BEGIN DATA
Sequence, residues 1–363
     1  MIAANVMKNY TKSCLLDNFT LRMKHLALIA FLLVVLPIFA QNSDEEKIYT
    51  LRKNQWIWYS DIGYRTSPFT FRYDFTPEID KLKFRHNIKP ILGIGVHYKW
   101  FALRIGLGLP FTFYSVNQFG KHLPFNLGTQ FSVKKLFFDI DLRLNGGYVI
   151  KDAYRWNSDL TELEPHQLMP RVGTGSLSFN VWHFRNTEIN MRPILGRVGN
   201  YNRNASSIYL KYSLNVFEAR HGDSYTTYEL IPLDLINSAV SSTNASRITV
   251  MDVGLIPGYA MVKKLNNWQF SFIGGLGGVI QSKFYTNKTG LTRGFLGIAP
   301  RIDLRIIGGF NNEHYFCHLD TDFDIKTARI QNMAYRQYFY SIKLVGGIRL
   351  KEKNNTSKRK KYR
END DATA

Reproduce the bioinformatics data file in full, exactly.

Sequence, residues 1–363
     1  MIAANVMKNY TKSCLLDNFT LRMKHLALIA FLLVVLPIFA QNSDEEKIYT
    51  LRKNQWIWYS DIGYRTSPFT FRYDFTPEID KLKFRHNIKP ILGIGVHYKW
   101  FALRIGLGLP FTFYSVNQFG KHLPFNLGTQ FSVKKLFFDI DLRLNGGYVI
   151  KDAYRWNSDL TELEPHQLMP RVGTGSLSFN VWHFRNTEIN MRPILGRVGN
   201  YNRNASSIYL KYSLNVFEAR HGDSYTTYEL IPLDLINSAV SSTNASRITV
   251  MDVGLIPGYA MVKKLNNWQF SFIGGLGGVI QSKFYTNKTG LTRGFLGIAP
   301  RIDLRIIGGF NNEHYFCHLD TDFDIKTARI QNMAYRQYFY SIKLVGGIRL
   351  KEKNNTSKRK KYR